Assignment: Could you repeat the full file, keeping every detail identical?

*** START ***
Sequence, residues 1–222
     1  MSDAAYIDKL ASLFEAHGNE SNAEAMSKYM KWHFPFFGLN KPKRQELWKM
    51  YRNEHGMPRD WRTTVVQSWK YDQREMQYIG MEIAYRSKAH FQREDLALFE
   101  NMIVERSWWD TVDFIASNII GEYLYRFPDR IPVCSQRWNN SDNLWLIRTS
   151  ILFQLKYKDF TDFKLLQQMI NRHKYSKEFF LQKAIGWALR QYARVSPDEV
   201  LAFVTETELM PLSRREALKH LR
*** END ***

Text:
Sequence, residues 1–222
     1  MSDAAYIDKL ASLFEAHGNE SNAEAMSKYM KWHFPFFGLN KPKRQELWKM
    51  YRNEHGMPRD WRTTVVQSWK YDQREMQYIG MEIAYRSKAH FQREDLALFE
   101  NMIVERSWWD TVDFIASNII GEYLYRFPDR IPVCSQRWNN SDNLWLIRTS
   151  ILFQLKYKDF TDFKLLQQMI NRHKYSKEFF LQKAIGWALR QYARVSPDEV
   201  LAFVTETELM PLSRREALKH LR